Parents’ and Early Childhood Educators’ Attitudes and Practices in Relation to Children’s Outdoor Risky Play

Abstract

This study contributes to the understanding of early childhood educators’ and parents’ attitudes and practices in relation to outdoor risky play for children. This study included 26 early childhood educators and 112 parents in rural and metropolitan areas of Australia and the United States. Participants completed an online survey about their perspectives and practices related to the provision of opportunities for children to engage in outdoor risky play. Questions also investigated reasons that prevented participants from providing such opportunities for children. Findings indicated that most educators thought it was important for children to be provided opportunities for outdoor risky play and did provide appropriate activities. Types of outdoor risky play opportunities fell into the categories of supporting large motor skills, supporting free exploration of the environment, and supporting assessment of risk. However, educators located in Australia rated outdoor risky play opportunities as significantly more important compared to educators in the US. Many parents also felt outdoor risky play was important and provided appropriate activities. Opportunities provided by parents fell into the same categories as educators, with additional features of nervousness and a desire to avoid hovering. Many parents identified the young age of the child and safety concerns as barriers. Implications for research and practice are discussed.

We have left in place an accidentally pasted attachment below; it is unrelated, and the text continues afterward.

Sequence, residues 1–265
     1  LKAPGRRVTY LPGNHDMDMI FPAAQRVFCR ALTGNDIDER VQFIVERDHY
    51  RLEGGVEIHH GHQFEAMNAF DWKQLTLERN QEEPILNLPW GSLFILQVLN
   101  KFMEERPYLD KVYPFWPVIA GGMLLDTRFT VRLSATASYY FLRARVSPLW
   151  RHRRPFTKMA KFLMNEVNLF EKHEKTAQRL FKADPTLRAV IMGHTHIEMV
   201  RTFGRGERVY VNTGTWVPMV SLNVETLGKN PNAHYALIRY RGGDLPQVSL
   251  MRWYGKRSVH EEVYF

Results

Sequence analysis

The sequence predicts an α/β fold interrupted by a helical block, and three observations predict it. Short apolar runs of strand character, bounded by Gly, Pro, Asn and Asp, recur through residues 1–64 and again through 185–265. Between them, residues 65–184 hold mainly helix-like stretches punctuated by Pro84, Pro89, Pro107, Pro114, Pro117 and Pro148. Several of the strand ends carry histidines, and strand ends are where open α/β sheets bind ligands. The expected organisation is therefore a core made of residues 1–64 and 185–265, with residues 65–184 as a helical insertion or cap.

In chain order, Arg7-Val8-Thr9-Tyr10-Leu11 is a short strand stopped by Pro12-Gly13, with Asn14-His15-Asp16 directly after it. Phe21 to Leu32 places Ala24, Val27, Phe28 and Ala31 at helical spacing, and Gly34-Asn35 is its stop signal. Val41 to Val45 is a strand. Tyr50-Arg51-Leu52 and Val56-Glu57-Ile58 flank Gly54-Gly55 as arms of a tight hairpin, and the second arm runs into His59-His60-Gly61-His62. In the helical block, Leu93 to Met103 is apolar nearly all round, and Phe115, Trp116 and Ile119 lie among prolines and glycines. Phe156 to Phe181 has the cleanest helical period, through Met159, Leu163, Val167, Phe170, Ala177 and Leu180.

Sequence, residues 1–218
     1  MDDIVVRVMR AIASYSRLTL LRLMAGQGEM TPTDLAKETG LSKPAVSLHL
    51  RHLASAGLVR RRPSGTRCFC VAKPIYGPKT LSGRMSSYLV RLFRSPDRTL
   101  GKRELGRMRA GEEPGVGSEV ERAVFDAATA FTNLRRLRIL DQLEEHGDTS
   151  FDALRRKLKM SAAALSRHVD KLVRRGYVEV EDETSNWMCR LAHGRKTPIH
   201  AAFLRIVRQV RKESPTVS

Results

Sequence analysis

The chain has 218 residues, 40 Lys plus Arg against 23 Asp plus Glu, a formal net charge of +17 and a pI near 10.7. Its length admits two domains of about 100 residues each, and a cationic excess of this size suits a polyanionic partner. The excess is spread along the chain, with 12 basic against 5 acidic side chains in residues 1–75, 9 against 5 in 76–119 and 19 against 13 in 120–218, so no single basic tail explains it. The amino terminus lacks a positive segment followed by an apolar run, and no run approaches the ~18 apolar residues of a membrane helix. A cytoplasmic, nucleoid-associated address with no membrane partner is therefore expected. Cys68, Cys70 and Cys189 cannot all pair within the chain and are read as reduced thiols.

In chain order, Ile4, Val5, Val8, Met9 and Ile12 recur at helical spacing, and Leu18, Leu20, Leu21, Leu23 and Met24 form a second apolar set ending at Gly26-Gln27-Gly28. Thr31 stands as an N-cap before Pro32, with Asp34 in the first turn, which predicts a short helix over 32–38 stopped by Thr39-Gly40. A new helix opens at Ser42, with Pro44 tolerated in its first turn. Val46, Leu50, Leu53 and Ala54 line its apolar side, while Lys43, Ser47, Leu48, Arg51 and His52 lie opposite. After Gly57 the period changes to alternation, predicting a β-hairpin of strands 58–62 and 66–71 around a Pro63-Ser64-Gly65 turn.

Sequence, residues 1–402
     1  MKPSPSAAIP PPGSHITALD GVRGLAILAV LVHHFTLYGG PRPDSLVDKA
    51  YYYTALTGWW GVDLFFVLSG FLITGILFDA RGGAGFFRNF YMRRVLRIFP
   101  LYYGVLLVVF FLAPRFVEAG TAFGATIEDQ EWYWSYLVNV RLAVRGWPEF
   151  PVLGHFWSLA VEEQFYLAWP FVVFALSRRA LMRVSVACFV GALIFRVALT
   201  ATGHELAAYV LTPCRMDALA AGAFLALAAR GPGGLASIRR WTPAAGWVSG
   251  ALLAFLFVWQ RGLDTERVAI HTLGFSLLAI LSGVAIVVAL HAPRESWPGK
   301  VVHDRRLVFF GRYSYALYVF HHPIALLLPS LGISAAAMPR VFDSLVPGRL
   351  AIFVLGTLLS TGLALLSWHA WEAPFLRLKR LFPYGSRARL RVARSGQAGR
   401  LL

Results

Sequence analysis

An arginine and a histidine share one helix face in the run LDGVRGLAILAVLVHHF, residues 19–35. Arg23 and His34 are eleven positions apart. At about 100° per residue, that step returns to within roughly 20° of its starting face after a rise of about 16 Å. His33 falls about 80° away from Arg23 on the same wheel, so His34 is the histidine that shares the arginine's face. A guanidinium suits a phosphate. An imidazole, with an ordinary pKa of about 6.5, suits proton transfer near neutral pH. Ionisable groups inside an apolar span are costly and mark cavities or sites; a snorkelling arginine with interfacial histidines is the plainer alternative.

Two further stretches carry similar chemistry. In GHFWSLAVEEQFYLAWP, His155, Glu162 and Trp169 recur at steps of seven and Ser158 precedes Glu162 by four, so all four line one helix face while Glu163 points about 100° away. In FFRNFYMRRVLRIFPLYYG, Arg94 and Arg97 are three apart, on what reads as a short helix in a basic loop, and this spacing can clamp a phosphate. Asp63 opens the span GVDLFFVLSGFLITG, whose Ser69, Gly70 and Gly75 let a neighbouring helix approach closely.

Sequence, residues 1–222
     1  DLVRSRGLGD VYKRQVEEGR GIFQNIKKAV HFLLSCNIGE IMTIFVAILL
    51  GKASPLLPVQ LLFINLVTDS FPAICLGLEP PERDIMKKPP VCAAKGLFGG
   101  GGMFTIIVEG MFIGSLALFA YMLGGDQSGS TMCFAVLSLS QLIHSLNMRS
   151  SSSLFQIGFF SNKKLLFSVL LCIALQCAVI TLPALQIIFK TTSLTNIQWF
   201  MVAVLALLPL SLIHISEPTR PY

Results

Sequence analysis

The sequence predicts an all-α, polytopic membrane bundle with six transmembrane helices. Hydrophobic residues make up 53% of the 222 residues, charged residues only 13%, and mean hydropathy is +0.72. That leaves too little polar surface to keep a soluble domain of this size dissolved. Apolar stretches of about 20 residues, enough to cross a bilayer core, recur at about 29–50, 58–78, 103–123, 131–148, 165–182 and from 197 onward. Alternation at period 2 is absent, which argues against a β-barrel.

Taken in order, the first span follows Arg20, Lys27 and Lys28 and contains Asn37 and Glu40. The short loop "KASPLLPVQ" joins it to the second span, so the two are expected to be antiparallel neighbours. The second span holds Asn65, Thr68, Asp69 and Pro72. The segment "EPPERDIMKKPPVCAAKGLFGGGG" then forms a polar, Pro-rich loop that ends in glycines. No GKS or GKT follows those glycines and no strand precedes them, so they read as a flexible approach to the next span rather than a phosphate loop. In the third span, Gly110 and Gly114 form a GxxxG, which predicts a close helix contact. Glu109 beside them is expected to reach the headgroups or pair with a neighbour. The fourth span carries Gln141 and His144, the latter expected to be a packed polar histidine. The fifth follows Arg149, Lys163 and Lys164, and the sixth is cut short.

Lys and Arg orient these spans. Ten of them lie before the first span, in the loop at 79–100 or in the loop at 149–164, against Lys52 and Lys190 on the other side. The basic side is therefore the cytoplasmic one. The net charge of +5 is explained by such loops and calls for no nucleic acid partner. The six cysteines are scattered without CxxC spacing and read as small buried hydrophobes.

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Acknowledgements

This work was supported by the USDA National Institute of Food and Agriculture, McIntire Stennis project – 1008379.

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Correspondence to Laura McFarland.

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McFarland, L., Laird, S.G. Parents’ and Early Childhood Educators’ Attitudes and Practices in Relation to Children’s Outdoor Risky Play. Early Childhood Educ J 46, 159–168 (2018). https://doi.org/10.1007/s10643-017-0856-8

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Keywords

  • Outdoor play
  • Early childhood
  • Risky play
  • Teacher beliefs
  • Parent beliefs